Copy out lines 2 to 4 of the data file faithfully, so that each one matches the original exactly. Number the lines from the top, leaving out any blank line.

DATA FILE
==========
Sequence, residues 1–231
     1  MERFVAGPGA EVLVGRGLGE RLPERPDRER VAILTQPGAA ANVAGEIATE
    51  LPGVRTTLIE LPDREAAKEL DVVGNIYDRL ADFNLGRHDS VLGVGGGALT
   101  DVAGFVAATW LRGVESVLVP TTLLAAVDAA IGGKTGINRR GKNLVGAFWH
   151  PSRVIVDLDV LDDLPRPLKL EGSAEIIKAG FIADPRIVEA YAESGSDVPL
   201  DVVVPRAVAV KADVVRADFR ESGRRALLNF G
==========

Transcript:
     1  MERFVAGPGA EVLVGRGLGE RLPERPDRER VAILTQPGAA ANVAGEIATE
    51  LPGVRTTLIE LPDREAAKEL DVVGNIYDRL ADFNLGRHDS VLGVGGGALT
   101  DVAGFVAATW LRGVESVLVP TTLLAAVDAA IGGKTGINRR GKNLVGAFWH